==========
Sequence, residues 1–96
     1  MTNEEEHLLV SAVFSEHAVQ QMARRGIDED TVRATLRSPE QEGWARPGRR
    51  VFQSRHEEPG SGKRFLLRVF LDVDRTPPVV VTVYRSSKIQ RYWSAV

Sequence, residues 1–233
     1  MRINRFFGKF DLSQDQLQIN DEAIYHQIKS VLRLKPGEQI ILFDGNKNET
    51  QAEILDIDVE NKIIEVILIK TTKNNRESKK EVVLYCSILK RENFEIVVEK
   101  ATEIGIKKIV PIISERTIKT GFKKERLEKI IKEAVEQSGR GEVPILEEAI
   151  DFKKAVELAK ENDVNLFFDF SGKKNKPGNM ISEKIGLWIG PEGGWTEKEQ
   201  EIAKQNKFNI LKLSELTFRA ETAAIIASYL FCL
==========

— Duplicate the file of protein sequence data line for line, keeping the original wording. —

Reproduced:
Sequence, residues 1–96
     1  MTNEEEHLLV SAVFSEHAVQ QMARRGIDED TVRATLRSPE QEGWARPGRR
    51  VFQSRHEEPG SGKRFLLRVF LDVDRTPPVV VTVYRSSKIQ RYWSAV

Sequence, residues 1–233
     1  MRINRFFGKF DLSQDQLQIN DEAIYHQIKS VLRLKPGEQI ILFDGNKNET
    51  QAEILDIDVE NKIIEVILIK TTKNNRESKK EVVLYCSILK RENFEIVVEK
   101  ATEIGIKKIV PIISERTIKT GFKKERLEKI IKEAVEQSGR GEVPILEEAI
   151  DFKKAVELAK ENDVNLFFDF SGKKNKPGNM ISEKIGLWIG PEGGWTEKEQ
   201  EIAKQNKFNI LKLSELTFRA ETAAIIASYL FCL